Liverpool legends pay tearful farewells at Sir Roger Hunt’s funeral, which is being held at Anfield.
At Roger Hunt’s funeral, a slew of Liverpool luminaries, as well as hundreds of supporters, gathered at Anfield and the city’s Anglican Cathedral to pay their respects.
Hunt, who set a club record with 244 league goals and was a member of England’s 1966 World Cup-winning team, died quietly at home last month at the age of 83.
Around 400 mourners joined his wife Rowan, children David and Julie, stepchildren Katie and Wayne, and extended family at Liverpool Cathedral.
The funeral procession drove by Liverpool’s Anfield stadium, where hundreds of fans had come to pay their respects before the event.
‘I never needed a knighthood, the Kop knighted me’ – Roger Hunt set the standard for Ian Rush and subsequent Liverpool dynasties. ‘Sir Roger,’ as he was affectionately known by the Kop, was one of the cornerstones of Bill Shankly’s first great Liverpool side of the 1960s, having arrived at Anfield from Stockton Heath (later known as Warrington Town) in the Mid-Cheshire League following the completion of his
Hunt’s goals helped drive Liverpool out of the doldrums of the Second Division, where they had been marooned for eight years, by forming a lethal strike partnership with Scottish forward Ian St John, who sadly died away earlier this year as well.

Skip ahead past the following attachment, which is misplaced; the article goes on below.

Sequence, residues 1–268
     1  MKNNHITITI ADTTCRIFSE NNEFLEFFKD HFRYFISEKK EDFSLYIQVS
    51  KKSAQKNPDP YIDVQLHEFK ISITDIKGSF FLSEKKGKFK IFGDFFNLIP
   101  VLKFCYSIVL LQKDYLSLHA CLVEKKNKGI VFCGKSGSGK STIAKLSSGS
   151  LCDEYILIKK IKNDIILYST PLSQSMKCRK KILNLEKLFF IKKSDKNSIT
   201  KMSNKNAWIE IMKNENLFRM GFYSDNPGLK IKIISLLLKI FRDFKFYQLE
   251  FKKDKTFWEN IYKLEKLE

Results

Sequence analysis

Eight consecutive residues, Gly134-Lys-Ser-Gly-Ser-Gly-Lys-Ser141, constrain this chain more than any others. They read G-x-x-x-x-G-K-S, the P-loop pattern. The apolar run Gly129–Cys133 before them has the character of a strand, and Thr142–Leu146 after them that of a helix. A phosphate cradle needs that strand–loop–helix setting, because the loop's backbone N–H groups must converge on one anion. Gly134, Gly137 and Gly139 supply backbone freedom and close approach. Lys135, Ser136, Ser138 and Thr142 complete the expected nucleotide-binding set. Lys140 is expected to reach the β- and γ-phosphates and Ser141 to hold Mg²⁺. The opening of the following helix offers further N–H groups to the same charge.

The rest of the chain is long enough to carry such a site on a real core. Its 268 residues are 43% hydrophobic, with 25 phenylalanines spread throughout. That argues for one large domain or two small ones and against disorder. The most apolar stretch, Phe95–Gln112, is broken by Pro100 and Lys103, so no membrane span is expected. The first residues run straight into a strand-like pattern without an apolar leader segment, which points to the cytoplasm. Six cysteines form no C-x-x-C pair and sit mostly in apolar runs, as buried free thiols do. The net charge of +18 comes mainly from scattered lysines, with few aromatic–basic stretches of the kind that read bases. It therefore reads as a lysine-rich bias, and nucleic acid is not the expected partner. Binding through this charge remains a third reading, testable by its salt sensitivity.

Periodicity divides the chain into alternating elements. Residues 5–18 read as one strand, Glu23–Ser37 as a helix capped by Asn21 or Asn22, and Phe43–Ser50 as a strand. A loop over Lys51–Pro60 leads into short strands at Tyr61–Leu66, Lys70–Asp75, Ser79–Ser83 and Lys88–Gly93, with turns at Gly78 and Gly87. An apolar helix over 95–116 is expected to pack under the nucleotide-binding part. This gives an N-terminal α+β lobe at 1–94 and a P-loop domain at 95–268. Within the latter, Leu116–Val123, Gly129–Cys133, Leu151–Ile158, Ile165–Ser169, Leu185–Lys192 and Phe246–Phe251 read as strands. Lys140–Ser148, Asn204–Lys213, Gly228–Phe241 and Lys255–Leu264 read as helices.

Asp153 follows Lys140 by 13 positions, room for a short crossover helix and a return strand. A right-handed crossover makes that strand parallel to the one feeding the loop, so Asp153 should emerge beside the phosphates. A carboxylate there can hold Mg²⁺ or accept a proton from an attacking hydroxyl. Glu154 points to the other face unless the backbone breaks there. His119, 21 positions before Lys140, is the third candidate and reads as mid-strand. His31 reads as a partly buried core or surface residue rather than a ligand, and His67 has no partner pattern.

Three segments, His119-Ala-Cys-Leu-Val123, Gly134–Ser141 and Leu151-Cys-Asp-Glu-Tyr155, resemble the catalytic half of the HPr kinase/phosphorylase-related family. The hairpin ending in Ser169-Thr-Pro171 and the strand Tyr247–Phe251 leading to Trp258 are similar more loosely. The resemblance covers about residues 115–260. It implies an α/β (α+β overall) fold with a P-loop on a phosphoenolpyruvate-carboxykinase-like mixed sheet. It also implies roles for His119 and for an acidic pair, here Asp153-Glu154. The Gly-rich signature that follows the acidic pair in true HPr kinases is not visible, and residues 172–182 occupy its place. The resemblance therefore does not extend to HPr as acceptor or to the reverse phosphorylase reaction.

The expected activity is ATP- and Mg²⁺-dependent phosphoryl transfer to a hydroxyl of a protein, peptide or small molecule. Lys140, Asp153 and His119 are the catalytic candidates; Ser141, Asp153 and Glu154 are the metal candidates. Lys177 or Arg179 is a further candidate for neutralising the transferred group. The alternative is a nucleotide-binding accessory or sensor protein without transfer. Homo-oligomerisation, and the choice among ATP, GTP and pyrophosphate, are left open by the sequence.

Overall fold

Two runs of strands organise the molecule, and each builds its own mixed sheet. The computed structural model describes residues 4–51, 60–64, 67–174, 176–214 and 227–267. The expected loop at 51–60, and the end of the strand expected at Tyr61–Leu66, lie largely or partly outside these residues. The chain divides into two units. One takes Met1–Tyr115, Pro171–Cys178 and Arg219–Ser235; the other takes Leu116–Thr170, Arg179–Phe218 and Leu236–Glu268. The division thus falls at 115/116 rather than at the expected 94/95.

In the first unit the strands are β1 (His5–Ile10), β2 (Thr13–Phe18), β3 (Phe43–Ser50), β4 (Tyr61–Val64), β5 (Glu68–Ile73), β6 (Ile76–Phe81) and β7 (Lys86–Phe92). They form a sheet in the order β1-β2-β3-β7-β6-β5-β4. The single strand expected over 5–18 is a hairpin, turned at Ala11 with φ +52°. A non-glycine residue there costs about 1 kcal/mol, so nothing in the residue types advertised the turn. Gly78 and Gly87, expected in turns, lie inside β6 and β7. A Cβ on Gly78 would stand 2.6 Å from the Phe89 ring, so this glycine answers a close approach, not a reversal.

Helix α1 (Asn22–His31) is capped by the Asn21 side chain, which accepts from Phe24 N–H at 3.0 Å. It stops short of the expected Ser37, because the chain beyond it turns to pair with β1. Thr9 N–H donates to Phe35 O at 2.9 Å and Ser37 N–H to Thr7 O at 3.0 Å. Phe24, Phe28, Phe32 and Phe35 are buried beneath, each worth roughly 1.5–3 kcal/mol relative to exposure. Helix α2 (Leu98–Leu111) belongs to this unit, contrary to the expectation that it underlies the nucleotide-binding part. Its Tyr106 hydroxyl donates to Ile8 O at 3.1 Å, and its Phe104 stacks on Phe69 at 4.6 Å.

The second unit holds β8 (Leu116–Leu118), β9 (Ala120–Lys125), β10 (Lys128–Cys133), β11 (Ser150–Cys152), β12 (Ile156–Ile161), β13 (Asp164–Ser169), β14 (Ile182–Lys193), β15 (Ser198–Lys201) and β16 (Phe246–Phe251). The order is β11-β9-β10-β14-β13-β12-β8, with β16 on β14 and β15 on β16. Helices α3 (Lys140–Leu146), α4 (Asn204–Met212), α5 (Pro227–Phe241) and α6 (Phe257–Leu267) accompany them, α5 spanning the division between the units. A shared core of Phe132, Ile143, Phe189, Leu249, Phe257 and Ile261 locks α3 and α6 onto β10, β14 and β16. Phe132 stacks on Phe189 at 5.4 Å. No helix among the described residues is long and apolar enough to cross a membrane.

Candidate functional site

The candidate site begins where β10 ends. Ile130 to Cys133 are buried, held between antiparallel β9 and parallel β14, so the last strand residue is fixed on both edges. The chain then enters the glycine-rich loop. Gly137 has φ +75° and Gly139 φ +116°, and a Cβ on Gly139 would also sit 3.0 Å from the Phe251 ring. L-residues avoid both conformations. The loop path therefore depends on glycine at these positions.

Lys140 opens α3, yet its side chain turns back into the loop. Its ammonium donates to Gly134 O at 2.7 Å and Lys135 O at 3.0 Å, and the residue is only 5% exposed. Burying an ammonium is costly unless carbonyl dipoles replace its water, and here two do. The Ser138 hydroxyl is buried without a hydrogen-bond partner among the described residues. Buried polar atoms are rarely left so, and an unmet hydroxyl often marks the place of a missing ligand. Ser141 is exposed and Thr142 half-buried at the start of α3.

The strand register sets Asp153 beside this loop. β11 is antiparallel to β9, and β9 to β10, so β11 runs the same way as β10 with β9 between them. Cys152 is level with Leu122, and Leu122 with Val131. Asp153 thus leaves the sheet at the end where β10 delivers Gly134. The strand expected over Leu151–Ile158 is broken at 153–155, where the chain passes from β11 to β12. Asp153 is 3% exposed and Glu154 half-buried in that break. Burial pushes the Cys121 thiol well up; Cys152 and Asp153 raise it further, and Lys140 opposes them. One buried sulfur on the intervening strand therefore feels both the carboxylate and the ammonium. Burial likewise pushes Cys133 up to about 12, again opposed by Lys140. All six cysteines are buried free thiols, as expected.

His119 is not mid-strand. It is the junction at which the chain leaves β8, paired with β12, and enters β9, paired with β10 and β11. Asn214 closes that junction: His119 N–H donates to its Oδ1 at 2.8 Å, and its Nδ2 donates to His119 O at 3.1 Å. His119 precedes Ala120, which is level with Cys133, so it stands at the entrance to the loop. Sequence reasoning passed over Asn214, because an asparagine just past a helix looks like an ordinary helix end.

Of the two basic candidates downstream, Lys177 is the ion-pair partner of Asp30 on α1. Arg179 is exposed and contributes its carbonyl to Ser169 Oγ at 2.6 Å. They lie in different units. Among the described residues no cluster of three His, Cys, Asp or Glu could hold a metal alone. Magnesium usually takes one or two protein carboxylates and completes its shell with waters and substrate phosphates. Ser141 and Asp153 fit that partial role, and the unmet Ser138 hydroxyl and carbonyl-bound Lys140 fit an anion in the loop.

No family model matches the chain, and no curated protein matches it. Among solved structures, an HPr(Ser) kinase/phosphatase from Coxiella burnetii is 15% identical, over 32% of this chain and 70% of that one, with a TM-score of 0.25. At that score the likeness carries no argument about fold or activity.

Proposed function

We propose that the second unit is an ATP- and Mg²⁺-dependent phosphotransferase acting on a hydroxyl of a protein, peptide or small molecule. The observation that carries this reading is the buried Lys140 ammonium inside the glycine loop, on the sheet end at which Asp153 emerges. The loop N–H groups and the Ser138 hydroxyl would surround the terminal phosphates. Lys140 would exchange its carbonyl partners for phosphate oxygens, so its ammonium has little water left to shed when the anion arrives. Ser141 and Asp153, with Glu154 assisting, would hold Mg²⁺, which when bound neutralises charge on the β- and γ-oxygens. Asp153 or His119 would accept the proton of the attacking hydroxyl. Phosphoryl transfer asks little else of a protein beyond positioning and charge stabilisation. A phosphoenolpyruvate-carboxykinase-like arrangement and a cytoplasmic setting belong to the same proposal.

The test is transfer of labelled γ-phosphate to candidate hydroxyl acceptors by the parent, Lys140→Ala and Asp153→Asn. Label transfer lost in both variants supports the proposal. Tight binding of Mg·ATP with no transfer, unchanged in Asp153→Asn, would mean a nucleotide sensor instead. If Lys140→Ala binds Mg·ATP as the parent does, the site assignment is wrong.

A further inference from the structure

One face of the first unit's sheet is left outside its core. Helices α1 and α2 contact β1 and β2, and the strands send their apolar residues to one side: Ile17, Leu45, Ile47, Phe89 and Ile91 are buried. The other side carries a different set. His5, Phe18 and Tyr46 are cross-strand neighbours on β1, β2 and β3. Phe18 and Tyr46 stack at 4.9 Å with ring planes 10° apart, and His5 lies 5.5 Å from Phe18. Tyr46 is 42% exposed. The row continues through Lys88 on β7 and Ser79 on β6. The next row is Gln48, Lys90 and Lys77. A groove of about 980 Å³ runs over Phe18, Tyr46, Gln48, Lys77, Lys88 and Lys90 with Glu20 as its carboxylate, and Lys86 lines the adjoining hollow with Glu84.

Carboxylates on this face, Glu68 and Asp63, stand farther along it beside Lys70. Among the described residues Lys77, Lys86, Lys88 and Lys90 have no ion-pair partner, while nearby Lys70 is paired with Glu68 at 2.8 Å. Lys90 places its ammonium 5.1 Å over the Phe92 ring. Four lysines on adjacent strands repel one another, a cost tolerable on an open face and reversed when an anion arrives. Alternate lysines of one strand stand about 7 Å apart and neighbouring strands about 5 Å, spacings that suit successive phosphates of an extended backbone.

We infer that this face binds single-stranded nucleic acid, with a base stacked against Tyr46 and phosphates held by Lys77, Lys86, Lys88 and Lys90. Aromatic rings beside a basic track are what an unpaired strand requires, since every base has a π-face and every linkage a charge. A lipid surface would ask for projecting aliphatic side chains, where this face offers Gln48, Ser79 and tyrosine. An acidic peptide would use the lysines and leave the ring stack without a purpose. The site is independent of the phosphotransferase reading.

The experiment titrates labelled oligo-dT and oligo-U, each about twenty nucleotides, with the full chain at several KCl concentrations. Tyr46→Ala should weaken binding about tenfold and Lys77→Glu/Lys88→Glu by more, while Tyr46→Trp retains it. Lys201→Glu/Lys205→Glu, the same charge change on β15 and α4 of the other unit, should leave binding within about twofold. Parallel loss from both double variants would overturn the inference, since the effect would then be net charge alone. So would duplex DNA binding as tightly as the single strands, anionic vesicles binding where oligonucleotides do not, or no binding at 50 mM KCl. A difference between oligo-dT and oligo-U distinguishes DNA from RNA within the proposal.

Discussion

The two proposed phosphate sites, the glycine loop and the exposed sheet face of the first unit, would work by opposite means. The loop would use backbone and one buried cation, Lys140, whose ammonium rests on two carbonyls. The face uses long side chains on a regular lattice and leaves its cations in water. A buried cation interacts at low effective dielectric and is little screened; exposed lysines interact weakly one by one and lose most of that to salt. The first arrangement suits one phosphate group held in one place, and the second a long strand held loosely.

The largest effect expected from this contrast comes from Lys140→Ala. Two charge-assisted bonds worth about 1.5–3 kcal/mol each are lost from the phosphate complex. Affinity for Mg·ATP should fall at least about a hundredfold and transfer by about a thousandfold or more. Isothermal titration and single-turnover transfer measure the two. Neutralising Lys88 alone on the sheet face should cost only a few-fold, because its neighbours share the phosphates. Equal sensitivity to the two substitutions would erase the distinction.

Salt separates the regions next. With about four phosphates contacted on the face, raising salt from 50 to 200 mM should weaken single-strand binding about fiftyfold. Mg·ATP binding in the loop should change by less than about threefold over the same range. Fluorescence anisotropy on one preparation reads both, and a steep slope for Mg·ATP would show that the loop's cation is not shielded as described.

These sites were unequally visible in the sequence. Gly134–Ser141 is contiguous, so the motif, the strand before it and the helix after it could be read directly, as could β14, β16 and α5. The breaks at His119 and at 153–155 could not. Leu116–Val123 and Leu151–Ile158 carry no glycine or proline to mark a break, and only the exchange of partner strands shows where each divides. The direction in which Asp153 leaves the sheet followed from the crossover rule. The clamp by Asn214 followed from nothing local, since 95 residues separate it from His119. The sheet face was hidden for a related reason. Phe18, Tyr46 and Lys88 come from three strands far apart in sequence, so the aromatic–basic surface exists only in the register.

Shankly’s side won the First Division championship in 1964 and 1966 thanks to his marksmanship and selfless teamwork, and in 1965 he scored the crucial opening goal early in extra time against Leeds United at Wembley as Liverpool won the FA Cup for the first time after 73 years of trying.
His goal helped the Reds to a European Cup semi-final first leg win over Inter Milan that same year, but a string of contentious refereeing decisions in the return match in Italy proved decisive. His international class was proven in 1966 when he played every match of England’s World Cup triumph, scoring three goals. “The summary has come to an end.”